And when he was angry, he was really angry. Mean angry. Swearing, slamming doors, punching things angry. 

But he didn’t hit me. 

In fact, of all the things in his life, I didn’t seem to make him angry.

People who believed in God made him angry. Politics made him angry. Books and movies he thought were pretentious made him angry. 

But I didn’t make him angry. 

It’s been a while, but lie number four: He’s never angry at me, so I have no right to resent him.

He never really did get angry at me. But he was so angry at my children – the core of me, the heart of me and the two people I loved more than I loved anything in the world. 

That’s right – children. Enter baby number two. My Philip. I had serious doubts about whether we should have another child. It had been horrific and I felt like we had just escaped. 

Alice had turned into an active, funny, playful little child. David understood her. She wasn’t affectionate, or clingy. She loved wrestling and running and climbing and toilet jokes. He could do that. 

So we decided to have another baby. 

Philip was a dream of a baby. Alice was born looking out of the front door. Philip was born looking in. Philip was the baby I dreamed of having.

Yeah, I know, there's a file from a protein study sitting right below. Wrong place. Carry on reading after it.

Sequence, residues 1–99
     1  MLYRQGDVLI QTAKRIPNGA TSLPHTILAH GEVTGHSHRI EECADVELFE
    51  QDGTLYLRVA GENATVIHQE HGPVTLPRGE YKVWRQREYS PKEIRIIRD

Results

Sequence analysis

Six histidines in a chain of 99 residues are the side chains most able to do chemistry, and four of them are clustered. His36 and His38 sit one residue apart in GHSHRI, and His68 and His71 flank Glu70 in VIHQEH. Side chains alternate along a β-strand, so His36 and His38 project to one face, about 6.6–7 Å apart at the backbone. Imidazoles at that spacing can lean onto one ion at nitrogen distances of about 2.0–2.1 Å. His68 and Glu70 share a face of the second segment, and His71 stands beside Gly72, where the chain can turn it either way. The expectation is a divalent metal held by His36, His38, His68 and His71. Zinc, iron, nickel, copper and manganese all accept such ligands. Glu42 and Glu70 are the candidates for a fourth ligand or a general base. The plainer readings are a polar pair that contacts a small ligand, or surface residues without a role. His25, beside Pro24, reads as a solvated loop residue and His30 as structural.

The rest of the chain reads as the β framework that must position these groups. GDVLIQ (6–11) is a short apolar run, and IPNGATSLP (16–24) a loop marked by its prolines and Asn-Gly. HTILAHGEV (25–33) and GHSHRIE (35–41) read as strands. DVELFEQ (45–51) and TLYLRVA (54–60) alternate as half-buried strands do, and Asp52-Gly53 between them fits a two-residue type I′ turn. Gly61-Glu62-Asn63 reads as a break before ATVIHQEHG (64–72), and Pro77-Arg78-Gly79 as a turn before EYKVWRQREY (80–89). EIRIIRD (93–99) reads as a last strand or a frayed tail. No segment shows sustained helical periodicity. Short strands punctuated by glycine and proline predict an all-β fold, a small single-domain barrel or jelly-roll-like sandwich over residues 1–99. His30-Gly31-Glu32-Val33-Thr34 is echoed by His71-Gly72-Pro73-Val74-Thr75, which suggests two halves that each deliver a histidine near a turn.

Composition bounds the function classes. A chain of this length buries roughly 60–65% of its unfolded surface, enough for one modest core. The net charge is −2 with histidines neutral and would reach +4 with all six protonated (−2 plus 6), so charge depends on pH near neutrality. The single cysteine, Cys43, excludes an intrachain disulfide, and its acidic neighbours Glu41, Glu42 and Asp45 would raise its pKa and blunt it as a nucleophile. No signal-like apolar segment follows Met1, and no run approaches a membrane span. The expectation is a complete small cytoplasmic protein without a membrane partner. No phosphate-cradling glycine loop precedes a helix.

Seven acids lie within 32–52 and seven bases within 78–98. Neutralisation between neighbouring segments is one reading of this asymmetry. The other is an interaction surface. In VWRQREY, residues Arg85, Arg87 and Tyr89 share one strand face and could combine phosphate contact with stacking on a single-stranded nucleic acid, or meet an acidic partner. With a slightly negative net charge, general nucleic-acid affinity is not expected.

He was born in winter, and I wore him like a blanket. He slept in my arms. I would do the housework with him in a papoose, and he would sleep. I would zip up a jacket over the top and take him to the shops. 

I would unzip so people could see his little sleeping face. He would be passed around at parties like a corn relish dip (thanks Mum). 


David hated him. 

David decided that to “deal” with Philip, he would ignore him. He had nothing to do with him, aside from the bare minimum, for the first three years.

He hated that I “mollycoddled” him. He hated that I held him to go to sleep, even when he was a newborn. He hated that Philip was permanently attached to me. 

David refused to look at his child for the first three years of his life. 

He told me he felt like Philip was “taking me away from him”. My baby – all of maybe six months old – was taking me away from him, because I held him and fed him and unashamedly, and overwhelmingly, loved him. 

I felt sorry for David and told myself I’d do better. 

With Alice, we had “got back in the saddle” pretty quick afterward. David and I had good chemistry. Always did. 

With Philip, I got a raging infection. No one (least of all me) needs to know the gory details, but it was bad. And gross. And just bad. 

It took longer, and that was Philip’s fault too. Because he caused the damage. 

When we finally started to get back “in the saddle”, it was rarely enough. In hindsight, it was. But it wasn’t. I was the size 10 “hot wife” – that should have been enough to keep the fires going.